By Tim Crowley BS CSCS
The delicate balance between hard training and recovery is the difference between optimal performance and chronic injury. The science of recovery is well documented, but the art of applying it is much more complex.
Your ability to assimilate or "absorb" training will make you stronger and faster. Too much volume and/or too much intensity, can send you into a negative spiral which at best will leave you stale and tired, and at worst, will leave you injured and contemplating taking up golf.
Rest is not a four-letter word. Well, it is a four-letter word, but a good one. Most multi sport athletes get into the sport because they like to train. The "more is better" scenario is still alive and well. Add intensity and racing to the mix, and you may have a problem. Early spring is a prime time to overdo it. Combine warmer weather, and the need to build up the mileage, with the start of a new season and race paced intensity, and you have all the ingredients of overtraining.
Rest comes in 2 forms. The first is total rest. Many athletes I coach benefit from having one total rest day a week. This allows them to assimilate the weeks training, and to tend to other issues in their life like family, errands etc. This keeps enthusiasm high. Getting enough sleep, and napping if possible will help you recover from your training sessions.
Active recovery is the other form of rest. In this case, the athlete or coach needs to set specific parameters to allow recovery to take place. Personally, I prefer a nice easy 45 minute trail run at a low heart rate , or a swim focusing on technique, or an easy spin on the trainer while reading, or watching TV. The best way to achieve the desired result is to assign a heart rate ceiling to which the athlete will not exceed. This will usually be approximately 60% or less of max HR, or 15 to 20 beats below current lactate threshold.
Active recovery allows for an increase blood flow, as well as an accelerated rate of glycogen repletion. For those used to daily activity, active rest does wonders for the head.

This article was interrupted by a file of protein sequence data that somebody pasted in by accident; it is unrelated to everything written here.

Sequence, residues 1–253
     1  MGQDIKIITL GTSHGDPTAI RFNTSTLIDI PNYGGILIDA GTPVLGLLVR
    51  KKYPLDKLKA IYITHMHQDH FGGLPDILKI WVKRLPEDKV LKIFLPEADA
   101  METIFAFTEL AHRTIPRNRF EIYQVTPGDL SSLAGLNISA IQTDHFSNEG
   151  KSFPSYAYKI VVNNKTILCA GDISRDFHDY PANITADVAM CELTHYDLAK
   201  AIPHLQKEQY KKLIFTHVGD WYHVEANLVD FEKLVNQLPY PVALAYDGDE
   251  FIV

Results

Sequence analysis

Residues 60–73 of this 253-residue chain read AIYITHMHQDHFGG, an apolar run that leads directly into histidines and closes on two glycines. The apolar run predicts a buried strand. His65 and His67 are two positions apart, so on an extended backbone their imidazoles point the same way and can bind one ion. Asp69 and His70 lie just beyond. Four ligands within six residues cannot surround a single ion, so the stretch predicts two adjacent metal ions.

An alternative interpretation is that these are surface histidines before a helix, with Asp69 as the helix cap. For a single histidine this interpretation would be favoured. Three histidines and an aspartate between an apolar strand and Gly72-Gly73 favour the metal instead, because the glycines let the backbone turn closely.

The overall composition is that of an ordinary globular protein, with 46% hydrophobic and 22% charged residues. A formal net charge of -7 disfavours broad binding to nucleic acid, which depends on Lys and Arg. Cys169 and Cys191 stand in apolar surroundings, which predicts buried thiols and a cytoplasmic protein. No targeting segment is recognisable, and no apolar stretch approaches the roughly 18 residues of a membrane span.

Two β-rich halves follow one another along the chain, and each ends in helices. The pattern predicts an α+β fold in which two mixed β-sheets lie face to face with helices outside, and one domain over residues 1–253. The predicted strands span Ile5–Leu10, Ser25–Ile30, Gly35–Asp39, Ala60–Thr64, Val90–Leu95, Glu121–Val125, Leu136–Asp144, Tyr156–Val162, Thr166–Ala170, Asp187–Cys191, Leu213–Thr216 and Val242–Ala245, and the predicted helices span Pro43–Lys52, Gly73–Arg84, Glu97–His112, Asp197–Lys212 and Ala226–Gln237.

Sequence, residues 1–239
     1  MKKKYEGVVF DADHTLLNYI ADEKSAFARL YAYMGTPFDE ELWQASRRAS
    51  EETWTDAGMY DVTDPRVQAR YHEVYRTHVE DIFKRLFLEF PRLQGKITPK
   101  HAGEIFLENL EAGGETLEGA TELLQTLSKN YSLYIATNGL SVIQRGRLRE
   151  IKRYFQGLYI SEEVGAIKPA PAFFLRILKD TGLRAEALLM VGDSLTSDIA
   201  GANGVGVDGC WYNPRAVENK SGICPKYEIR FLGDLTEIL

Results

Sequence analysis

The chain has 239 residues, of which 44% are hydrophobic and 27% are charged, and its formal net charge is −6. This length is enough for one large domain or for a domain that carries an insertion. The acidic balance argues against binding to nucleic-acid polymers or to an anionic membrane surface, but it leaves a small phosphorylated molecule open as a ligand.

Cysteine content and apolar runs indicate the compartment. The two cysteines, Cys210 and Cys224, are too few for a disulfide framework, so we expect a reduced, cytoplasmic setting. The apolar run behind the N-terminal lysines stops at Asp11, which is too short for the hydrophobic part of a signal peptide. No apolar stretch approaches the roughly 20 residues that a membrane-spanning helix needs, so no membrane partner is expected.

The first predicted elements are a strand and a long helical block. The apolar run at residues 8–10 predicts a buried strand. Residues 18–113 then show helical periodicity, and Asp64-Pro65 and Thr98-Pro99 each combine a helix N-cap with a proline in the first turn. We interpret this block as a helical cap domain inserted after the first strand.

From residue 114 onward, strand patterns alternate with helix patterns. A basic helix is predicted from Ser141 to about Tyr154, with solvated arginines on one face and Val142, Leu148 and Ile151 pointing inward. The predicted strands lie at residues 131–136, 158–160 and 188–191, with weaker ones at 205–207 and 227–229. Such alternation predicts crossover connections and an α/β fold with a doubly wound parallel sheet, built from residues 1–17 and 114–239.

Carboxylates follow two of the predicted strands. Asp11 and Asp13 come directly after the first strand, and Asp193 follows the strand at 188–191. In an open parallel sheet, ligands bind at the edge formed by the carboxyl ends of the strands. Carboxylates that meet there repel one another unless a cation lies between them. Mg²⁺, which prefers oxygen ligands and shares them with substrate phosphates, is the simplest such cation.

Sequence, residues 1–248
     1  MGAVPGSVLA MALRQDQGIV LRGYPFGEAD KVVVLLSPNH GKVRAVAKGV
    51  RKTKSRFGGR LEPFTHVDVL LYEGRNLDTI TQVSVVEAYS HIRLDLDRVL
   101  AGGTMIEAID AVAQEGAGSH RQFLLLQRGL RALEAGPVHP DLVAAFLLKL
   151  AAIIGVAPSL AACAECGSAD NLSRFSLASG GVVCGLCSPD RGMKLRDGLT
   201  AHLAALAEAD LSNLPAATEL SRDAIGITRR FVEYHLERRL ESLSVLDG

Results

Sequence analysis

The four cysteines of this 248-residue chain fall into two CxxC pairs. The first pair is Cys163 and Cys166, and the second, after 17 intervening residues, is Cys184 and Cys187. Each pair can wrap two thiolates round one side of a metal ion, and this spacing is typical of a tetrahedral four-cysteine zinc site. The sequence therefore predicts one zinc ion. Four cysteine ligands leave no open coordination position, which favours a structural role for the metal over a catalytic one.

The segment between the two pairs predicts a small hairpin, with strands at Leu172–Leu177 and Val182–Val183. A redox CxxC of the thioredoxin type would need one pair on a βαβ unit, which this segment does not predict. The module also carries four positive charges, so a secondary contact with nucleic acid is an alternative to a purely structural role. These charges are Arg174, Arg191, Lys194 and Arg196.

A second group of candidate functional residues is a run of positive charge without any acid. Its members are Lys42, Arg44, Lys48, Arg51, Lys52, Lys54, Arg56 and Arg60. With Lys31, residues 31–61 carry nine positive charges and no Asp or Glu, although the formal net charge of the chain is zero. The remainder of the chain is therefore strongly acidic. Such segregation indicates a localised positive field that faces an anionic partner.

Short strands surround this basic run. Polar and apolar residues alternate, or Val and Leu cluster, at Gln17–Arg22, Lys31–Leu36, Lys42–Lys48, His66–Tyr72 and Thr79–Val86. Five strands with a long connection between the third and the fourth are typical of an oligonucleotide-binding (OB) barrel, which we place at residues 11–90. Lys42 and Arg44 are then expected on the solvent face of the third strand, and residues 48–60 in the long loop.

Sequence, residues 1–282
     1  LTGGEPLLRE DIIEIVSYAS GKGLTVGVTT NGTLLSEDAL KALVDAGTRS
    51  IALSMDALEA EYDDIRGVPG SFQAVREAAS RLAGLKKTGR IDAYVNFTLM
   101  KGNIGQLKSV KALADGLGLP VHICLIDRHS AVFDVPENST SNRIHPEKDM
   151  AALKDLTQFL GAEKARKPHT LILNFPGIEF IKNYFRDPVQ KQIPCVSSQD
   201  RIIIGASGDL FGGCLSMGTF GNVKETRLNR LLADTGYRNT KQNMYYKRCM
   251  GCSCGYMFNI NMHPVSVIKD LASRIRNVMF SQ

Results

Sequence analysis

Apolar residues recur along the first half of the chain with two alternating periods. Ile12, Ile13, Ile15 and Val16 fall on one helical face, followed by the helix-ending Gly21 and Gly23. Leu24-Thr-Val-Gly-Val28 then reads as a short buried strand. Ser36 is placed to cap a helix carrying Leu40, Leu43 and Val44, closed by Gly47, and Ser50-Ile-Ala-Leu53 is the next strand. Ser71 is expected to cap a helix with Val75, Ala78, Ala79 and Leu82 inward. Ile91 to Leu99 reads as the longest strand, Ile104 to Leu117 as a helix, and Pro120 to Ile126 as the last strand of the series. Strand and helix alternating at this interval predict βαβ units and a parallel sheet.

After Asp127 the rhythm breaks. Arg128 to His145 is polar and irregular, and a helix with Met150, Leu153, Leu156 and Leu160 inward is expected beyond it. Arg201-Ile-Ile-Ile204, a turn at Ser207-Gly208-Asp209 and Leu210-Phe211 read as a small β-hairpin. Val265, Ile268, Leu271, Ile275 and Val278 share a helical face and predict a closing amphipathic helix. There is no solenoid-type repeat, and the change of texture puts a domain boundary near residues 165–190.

Here are some ways to incorporate active rest into your training. 1. Use a heart rate ceiling for the workout 2. On the bike, restrict gears to the small ring 3. Use your mountain bike to run errands 4. Go for a walk on the trails 5. Swim easy using only breast and back stroke 6. Easy 15-20 min deep water running
There are some basic principles to keep in mind when it comes to recovery. 1. Take in calories during your training session, and immediately after. Glycogen synthesis is highest in the first hour after training. This will assist in preventing chronic glycogen depletion, a common problem for athletes training multiple times each day. 2. Make sure to allow plenty of time for warming up and cooling down from training sessions. Lack of adequate WU/ CD can diminish the training effects. 3. Lack of proper hydration can lead to dramatic decreases in performance.
It is important to try different methods of recovery. What works for one person, will not necessarily work for another. Hard training without the proper restoration and recovery methods only leads to regular doses of pain management without reaping the benefits of your training in races. Like most things in life, balance is critical. You must balance quality training along with quality rest.
Tim Crowley is a coach for Carmichael Training Systems, and the Dir. of strength and Conditioning at the Longfellow Club. For coaching or consultations, he can be reached at Tcrowley@trainright.com